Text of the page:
... So long as the insulation retains its original elasticity, the current is confined; but the influence of the air, or of gas and other agents, tends to change the elasticity, and the billions of vibrations to which it has been subjected finally render it very susceptible of being pierced by a spark of static electricity.
Thus an avenue for the ingress of moisture is formed, not only in one spot, but in many, through which the current may be communicated to any conductor of electricity near enough to make physical contact, or a circuit may be completed between the two by a line of moisture or the formation of an electric arc, with its subsequent destructive action.
... There is no plea which will justify the use of high-tension and alternating currents, either in a scientific or a commercial sense. They are employed solely to reduce investment in copper wire and real estate. ... The alternating current under high pressure and direct-current under high-pressure systems are also employed, as I have intimated, to save investment in real estate as well as copper.
- (Edison 1889)
In theaters where electrical wiring is often temporary, we often find surprising and possibly unsafe installations. The rubber-coated wires shown below were observed in a New York theatre and looked better than what my brother-in-law Matt, a theatre electrician, could produce.
Theater fires are particularly dangerous as there is likely to be a crowd stampede to exits, poor lighting, and lots of combustible materials.
In my home town, Richmond VA, the Hippodrome theater, opened in 1914, caught fire in 1945 when I was just two (so I'm not responsible). The fire was thought to have been electrical in origin.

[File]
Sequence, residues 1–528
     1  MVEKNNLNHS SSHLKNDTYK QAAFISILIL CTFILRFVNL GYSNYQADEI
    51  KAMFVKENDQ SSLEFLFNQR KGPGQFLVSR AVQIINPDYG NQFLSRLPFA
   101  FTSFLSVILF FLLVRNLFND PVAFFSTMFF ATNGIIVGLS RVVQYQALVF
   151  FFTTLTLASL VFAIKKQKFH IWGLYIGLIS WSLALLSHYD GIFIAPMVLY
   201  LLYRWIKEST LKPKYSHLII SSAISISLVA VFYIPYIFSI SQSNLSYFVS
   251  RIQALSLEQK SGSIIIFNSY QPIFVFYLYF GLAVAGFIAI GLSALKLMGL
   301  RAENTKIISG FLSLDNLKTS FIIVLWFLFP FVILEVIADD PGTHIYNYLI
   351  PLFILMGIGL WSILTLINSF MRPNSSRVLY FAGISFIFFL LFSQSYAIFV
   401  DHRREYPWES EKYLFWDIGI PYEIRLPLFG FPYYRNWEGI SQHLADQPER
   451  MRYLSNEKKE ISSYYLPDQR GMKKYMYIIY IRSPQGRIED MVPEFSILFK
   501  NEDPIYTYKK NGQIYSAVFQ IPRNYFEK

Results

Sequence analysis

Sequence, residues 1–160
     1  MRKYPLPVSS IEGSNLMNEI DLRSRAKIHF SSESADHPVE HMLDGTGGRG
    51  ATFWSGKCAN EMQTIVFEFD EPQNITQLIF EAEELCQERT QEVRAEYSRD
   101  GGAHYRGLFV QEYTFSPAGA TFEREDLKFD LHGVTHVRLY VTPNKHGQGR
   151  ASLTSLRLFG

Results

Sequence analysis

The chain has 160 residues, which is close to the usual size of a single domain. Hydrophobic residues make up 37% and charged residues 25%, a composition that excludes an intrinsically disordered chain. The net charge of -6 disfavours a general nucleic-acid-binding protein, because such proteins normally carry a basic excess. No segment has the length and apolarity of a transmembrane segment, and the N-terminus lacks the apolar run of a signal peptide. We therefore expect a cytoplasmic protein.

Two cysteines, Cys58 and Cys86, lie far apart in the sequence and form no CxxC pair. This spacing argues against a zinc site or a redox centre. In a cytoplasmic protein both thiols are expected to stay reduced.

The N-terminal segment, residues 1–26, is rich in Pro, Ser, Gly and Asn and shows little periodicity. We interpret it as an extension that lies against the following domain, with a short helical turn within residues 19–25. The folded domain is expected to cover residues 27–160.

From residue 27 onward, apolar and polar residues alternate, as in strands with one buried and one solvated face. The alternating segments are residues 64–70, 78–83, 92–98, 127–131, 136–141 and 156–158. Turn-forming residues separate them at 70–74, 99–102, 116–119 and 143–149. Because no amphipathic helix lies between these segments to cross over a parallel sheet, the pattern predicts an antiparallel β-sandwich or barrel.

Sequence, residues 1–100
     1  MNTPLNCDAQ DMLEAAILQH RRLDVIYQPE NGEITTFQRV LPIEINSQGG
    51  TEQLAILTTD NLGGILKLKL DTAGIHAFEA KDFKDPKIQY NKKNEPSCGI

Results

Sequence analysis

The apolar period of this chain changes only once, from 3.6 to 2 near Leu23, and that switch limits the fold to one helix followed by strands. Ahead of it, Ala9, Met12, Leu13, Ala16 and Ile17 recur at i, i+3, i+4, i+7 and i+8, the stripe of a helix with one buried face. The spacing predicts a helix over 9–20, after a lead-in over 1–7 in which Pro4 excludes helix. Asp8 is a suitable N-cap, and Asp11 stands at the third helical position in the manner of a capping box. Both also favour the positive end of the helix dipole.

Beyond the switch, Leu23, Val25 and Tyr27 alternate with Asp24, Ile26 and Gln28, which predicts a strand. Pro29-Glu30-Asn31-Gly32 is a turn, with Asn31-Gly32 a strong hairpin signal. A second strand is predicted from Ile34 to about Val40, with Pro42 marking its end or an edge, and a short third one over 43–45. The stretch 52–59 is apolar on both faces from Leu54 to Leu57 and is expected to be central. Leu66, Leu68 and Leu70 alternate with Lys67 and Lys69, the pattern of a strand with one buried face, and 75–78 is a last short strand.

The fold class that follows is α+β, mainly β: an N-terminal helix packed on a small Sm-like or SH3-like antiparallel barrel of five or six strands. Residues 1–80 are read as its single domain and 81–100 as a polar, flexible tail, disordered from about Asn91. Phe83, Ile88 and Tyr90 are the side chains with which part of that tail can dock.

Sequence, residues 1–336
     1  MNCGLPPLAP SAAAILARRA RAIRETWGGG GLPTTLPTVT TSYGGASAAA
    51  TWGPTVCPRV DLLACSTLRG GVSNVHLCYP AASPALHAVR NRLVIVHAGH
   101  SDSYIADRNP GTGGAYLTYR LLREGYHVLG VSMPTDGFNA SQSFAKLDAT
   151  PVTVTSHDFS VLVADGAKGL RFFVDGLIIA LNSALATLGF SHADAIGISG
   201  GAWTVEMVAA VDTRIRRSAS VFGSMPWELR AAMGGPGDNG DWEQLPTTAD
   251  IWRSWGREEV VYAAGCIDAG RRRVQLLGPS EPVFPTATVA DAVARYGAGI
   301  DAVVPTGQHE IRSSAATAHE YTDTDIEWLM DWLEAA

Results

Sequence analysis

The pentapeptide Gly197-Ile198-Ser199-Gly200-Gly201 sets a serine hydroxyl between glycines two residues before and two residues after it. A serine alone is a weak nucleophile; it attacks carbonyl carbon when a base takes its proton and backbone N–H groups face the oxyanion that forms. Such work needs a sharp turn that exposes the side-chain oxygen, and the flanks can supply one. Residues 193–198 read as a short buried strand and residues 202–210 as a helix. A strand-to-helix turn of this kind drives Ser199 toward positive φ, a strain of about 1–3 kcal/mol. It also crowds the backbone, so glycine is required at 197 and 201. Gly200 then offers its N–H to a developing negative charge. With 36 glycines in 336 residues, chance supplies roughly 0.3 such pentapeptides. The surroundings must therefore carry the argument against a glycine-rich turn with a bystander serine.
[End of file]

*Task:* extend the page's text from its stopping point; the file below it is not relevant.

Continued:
The U.S. NEC addresses theater wiring in several articles such as Article 530 - buildings or portions thereof used as studios using motion picture film or electronic tape more than 7/8" in width, Article 540 - wiring for motion picture projector rooms, and others.
See ELECTRICAL SAFETY in the THEATRE [PDF]
Older homes often have electrical receptacles and fixtures that are ungrounded, and many local codes do not require that they be rewired so they're grounded. Still, grounding is worth adding to your system because it adds protection against electrical shock.
Above the same rubber-insulated electrical wire discussed earlier is also used to illustrate the dull silvery colored metal wire observed where tinned copper electrical wiring is installed.
Watch out: tin-plated copper wire is a completely different product that, because its conductors sport a thin plated silver colored surface, might be mistaken for unsafe aluminum wire. It is not aluminum and it is safe unless, as with any electrical wiring, it has been damaged in some manner.
Not all rubber insulated copper wire is plated, but if you suspect that the silvery-colored wire is plated copper, it's easy enough to determine: with the wire disconnected from any power source, scratch the silver colored surface of the rubber-insulated wire and you'll see its red copper interior.
In REDUCE THE AL WIRE RISK: DETAILS, as well as in Aronstein (2011). There Aronstein describes plated-copper wire as:
Plated copper wire [tinned copper wire] is relatively common in older homes, and it looks like aluminum wire. It was commonly used with rubber-based insulation. Identification can be made by careful inspection of a cut end of the wire. In general, plated copper wire would not be present in nonmetallic sheathed cable ("Romex"), it is most generally found in metallic sheathed cable ("BX"). Cable of the "BX" type is not likely to contain aluminum wire. - Aronstein (2011)
At TINNED COPPER ELECTRICAL WIRE we provide additional discussion of how to avoid confusing tinned copper wire or tin-plated wire with aluminum wire such as the tinned copper multi-stranded wire shown below.
Above we see both older fabric-covered electrical conductors and newer plastic-insulated wires in an electrical panel. The bare copper wire that is nearly black was a clue in tracking down a neutral and ground wiring failure at this building.
The heavy fabric braid wires shown in the left of this photo may be examples of Wireduct, also referred to as All-Weather Loom. Wire-loom or all-weather loom was sold as a non-metallic flexible conduit for protection of electrical wiring in buildings.
Wireduct all-weather loom wire insulation was produced in sizes from 1/4" to 2 1/2" in diameter and was described as having a flame-retardant finish and low moisture absorption.